While this description is about the fictional “Roger Coan,” it also appears to be an accurate description of Mandeville if one regards Houghton as the “secluded sanctuary.” A second book in the series never appeared. Some would say that Mandeville was hired to “shake up the department” and that job was certainly accomplished.
With all the administrative troubles in the department, no new faculty hires were permitted throughout most of the 1970′s. The faculty leaving MTU, some retirements, and the movement of the geophysics program to geology resulted in a rapid decline in faculty numbers. The search for a successor to Mandeville involved noticeable infighting among the physics faculty. Roughly a dozen potential candidates were listed as having been interviewed, including several applicants from within the department. Ultimately an external candidate, Ian Shepard, was brought in to take the headship. Soon after his arrival, however, Shepard passed away due to illness. The department was then back looking for a new department head.
Throughout this time members of the department on several occasions had put forward Rolland Keeling as a possible choice. Keeling joined the faculty in 1960 as an associate professor and by 1963 was promoted to professor. He had a PhD, a decent but not overwhelming research record, was well-received by his students, and he tended to stay out of the department politics. However Keeling had not applied for the job. With the passing of Shepard, Keeling agreed to be “acting head” and after a time he was finally convinced to take the headship.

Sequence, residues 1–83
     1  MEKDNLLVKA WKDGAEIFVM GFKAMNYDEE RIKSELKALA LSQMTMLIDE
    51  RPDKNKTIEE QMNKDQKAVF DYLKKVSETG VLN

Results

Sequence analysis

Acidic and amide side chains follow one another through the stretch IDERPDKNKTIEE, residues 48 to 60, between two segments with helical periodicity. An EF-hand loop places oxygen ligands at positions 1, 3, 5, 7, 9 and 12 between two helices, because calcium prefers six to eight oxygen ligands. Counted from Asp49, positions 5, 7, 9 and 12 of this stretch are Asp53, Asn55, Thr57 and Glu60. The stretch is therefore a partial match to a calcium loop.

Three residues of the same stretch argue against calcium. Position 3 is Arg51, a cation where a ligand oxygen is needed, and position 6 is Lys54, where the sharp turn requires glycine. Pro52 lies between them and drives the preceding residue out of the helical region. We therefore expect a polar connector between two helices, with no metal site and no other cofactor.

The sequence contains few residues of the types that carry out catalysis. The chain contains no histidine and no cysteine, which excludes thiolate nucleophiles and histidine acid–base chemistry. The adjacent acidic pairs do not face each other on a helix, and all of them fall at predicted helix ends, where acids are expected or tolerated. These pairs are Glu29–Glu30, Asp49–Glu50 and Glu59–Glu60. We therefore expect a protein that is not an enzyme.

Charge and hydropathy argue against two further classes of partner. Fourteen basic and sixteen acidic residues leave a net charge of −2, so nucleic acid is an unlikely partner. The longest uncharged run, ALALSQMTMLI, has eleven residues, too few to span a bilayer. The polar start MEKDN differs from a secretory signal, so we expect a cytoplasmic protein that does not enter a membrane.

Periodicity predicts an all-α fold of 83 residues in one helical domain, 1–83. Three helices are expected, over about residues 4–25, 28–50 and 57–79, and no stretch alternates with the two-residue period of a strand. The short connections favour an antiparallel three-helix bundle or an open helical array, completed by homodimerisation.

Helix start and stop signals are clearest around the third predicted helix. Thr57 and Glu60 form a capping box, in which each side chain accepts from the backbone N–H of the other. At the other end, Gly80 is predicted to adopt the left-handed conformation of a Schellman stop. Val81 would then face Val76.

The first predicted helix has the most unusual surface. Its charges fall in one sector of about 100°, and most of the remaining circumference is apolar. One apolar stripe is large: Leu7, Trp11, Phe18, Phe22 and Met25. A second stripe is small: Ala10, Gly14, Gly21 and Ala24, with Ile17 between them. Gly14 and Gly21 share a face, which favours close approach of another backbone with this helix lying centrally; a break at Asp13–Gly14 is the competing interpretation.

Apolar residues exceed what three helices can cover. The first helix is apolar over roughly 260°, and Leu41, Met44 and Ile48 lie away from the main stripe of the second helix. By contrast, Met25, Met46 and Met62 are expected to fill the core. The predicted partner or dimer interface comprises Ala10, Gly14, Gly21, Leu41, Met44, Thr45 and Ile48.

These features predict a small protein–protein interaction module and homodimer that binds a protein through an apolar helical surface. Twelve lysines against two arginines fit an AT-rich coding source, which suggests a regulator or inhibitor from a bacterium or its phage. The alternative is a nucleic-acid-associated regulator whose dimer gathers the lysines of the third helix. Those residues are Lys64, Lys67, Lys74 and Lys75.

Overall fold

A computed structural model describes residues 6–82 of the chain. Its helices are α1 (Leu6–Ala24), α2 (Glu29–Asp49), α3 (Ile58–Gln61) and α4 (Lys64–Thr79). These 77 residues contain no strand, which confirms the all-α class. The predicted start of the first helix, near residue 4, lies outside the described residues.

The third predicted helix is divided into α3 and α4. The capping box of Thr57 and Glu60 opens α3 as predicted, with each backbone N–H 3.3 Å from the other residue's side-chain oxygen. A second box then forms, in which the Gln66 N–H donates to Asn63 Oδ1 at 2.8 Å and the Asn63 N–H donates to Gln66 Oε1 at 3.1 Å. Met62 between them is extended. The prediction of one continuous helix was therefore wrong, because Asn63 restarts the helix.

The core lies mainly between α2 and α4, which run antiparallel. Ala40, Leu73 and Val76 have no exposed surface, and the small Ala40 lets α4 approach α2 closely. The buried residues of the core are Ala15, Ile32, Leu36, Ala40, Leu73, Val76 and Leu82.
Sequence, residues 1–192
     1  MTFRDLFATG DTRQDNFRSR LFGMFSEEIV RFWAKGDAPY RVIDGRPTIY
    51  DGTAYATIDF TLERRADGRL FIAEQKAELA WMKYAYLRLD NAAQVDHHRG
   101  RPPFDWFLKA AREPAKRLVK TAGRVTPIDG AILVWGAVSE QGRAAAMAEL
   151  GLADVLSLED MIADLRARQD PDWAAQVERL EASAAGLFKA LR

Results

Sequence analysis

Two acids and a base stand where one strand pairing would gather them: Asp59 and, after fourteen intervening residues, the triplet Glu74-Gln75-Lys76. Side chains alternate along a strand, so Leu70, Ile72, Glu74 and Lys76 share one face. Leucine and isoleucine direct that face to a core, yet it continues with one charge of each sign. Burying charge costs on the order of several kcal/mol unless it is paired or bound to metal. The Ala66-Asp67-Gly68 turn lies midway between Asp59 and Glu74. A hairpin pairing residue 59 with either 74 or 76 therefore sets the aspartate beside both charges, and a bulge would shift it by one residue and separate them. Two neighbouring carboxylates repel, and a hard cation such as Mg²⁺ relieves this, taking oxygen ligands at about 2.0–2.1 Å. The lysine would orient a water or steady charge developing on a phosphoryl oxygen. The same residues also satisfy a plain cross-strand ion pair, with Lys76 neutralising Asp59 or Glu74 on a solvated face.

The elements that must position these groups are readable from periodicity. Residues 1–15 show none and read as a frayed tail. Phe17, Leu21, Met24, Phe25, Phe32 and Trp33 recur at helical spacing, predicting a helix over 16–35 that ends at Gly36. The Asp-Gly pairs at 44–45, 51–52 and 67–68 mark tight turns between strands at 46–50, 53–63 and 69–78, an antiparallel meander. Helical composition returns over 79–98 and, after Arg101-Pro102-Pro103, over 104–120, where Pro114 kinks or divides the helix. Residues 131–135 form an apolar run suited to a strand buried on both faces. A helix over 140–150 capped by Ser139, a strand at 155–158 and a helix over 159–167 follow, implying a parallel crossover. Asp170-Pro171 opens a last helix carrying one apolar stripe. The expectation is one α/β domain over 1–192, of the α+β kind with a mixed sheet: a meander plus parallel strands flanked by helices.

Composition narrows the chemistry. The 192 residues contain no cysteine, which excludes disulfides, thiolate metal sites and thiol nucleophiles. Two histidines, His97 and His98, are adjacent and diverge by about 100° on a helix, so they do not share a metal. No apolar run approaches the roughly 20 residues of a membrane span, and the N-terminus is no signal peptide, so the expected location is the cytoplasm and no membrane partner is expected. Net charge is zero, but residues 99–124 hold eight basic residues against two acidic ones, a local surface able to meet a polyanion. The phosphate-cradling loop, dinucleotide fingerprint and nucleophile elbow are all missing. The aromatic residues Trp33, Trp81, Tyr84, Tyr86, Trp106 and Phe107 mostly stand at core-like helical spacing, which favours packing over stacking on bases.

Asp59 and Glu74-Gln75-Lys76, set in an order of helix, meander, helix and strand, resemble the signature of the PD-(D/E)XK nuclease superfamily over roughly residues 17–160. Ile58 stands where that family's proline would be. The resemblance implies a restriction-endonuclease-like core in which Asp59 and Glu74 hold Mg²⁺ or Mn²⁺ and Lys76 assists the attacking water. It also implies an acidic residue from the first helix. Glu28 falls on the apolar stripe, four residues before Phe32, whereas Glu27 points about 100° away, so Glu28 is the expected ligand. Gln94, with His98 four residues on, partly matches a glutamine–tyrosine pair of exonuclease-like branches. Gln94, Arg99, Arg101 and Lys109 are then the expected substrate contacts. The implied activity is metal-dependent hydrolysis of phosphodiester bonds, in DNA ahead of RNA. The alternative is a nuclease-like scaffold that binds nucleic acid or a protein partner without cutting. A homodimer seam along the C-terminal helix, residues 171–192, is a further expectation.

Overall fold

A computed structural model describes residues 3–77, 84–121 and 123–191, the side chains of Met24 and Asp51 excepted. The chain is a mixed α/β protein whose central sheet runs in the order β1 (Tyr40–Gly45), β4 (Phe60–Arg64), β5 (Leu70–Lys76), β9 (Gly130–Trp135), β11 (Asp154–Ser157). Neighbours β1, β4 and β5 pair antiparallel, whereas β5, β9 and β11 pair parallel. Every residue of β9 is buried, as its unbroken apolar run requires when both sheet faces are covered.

During the late 1960′s and through the 1970′s MTU’s president Ray Smith almost completely rebuilt the engineering buildings on campus. Hubbell hall was demolished in 1968, having been condemned and the State was not willing to come up with the funds to restore it. In its place rose the new MEEM building (now called the Raymond L. Smith Building). Around the same time several other new high-rises replaced the old. The bulk of college avenue, which ran between the Memorial Union and Hubbell Hall almost to the Sherman Gym,1 was removed in 1970 and the divided four-lane road was put in around the south side of the campus—at the expense of some private homes. Small sections of what used to be continuations of College Avenue and Hubbell Street remain just north of the new Administration building and just west of the Memorial Union Building respectively.2 Hence, while the Physics department was suffering from its growing pains, the rest of campus underwent a face lift.
With the large drop in Physics faculty numbers during the 1970′s, accompanied by a still-growing student population, meeting the teaching demands on the department became a top priority. Any research efforts in the department became low priority. During this time Dave Chimino developed his audio-visual tutorial introductory physics labs, allowing the labs to proceed with a significant reduction in the need for faculty to be in attendance. Chimino was later recognized by MTU as a “Presidential Professor” largely based on these efforts.
1. Sherman Gym was heavily remodeled in the early 1980′s and is now called Walker Arts Center.
2. At the time of this writing, there are still maps being produced, particularly web-based maps, which show both the old and new roads simultaneously.